Documents of 20th-century Latin American and Latino Art

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  • ICAA Record ID
    781400
    AUTHOR
    Eda, Eugene
    TITLE
    The artists' statement, 1971 Feb. / Eugene Eda ... [et al.]
    DESCRIPTION
    16 p.
    LANGUAGES
    English
    TYPE AND GENRE
    Typed sheet – Manifestoes
    BIBLIOGRAPHIC CITATION

    Eda, Eugene, William Walker, John Weber, and Mark Rogovin. "The Artists' Statement," 1971. Private Collection of Victor Sorell, Chicago.

     

    NAME DESCRIPTORS
    Chicago Public Art Group; Eda, Eugene; Rogovin, Mark; Walker, William, 1927-; Weber, John
    GEOGRAPHIC DESCRIPTORS
Editorial Categories [?]
Synopsis

This text describes the beginnings of the mural movement in Chicago in 1967, the initial leadership of black artists, and the involvement of community activists and artists among Latino, Chicano, and white populations. Also, it points out the expansion of the movement in 1970 as the result of increased funding and an upcoming exhibition at the Museum of Contemporary Art in the same city. It also outlines the muralists’ mission in manifesto-like language, declaring their intentions to work with and for working-class communities—“the people”—and to represent the “liberation struggles of Black and Third-World peoples,” among others. The end of this text includes brief biographies and personal statements of the principal members of the Chicago muralist movement: Eugene Eda, William Walker, John Weber, and Mark Rogovin.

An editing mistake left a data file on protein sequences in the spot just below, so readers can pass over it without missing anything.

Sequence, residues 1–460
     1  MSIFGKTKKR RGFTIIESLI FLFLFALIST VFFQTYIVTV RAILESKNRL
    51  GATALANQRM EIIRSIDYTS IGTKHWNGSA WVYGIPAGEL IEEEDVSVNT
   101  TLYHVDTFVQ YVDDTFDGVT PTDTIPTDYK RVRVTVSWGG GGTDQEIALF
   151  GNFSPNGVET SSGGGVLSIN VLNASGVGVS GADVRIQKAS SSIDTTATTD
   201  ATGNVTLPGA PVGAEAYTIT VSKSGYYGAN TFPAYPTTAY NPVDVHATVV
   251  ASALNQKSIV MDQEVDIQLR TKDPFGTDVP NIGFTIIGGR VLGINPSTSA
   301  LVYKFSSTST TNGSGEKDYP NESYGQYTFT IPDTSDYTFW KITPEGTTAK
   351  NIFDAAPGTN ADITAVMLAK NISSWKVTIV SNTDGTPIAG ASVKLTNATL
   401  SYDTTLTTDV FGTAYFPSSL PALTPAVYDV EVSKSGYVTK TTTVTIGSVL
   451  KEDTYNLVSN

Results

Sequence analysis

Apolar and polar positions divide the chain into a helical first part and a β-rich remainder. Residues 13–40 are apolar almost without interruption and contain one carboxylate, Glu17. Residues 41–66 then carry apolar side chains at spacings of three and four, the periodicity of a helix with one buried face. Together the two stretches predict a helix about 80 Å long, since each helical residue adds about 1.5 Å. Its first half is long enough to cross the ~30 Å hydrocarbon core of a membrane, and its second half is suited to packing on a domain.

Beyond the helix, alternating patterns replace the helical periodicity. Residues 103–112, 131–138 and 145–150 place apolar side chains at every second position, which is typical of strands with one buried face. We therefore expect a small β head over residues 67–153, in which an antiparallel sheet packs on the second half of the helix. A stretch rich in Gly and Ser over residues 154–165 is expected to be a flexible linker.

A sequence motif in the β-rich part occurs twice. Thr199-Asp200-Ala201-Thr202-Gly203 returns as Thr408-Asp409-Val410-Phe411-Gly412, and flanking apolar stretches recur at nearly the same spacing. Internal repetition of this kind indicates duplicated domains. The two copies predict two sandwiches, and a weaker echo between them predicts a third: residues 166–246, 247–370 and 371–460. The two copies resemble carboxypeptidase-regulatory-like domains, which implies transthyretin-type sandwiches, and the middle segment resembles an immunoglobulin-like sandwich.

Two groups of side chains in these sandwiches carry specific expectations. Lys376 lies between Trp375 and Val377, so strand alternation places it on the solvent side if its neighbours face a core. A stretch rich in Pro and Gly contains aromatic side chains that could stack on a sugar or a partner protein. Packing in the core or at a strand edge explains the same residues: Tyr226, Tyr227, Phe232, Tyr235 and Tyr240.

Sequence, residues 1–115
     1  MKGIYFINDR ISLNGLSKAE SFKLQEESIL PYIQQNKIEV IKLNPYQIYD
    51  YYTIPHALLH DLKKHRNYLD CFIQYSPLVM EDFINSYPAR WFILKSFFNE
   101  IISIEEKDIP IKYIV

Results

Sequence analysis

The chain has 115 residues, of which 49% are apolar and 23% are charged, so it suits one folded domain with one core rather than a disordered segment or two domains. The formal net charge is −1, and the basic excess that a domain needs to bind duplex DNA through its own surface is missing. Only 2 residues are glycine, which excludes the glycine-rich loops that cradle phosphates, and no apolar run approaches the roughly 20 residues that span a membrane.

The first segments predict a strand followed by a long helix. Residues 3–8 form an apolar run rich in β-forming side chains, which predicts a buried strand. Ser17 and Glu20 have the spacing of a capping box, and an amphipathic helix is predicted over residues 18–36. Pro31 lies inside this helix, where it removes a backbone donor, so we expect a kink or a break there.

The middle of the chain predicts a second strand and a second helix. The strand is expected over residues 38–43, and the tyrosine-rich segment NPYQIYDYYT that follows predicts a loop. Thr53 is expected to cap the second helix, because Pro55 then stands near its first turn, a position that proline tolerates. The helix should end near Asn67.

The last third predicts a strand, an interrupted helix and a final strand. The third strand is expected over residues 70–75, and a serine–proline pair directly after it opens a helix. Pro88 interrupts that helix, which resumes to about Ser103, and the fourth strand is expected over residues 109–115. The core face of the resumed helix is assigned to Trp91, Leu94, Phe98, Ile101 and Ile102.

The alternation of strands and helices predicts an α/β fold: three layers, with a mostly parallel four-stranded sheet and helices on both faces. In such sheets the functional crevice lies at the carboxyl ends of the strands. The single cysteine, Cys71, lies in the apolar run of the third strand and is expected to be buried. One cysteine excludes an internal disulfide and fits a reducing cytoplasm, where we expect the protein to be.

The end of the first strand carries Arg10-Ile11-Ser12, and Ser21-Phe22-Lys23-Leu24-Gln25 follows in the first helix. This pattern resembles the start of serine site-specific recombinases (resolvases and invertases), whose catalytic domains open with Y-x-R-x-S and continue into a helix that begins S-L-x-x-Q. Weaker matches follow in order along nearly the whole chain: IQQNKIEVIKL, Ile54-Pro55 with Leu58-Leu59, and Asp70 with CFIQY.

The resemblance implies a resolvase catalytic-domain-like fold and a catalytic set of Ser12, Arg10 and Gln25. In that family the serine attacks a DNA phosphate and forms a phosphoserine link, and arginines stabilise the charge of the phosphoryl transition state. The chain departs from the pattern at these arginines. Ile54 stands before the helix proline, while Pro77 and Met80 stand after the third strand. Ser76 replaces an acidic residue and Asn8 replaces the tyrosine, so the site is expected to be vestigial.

Annotations

The artists’ statement has never been published. Rather, it was drafted by a group of mural painters—Eugene Eda, Mark Rogovin, William Walker, and John Weber—over the course of meetings held between September 1970 and January 1971 in Chicago. The artists distributed it to the public during February 1971 at the exhibition Murals for the People held at the Museum of Contemporary Art in Chicago. The document stands as a seminal text in the context of public art in the United States during the late 1960s and early 1970s and related debates about the relevance of installing abstract sculpture in public spaces. The tone of the document suggests that the artists found inspiration in historical manifestos, especially Siqueiros' "A Declaration of Social, Political and Aesthetic Principles" (1922), which was signed by members of the Syndicate of Technical Workers, Painters and Sculptors in Mexico, many of whom were mural painters.

Researcher
Victor Sorell; Harper Montgomery, collaborator
Team
Institute for Latino Studies, University of Notre Dame, South Bend, USA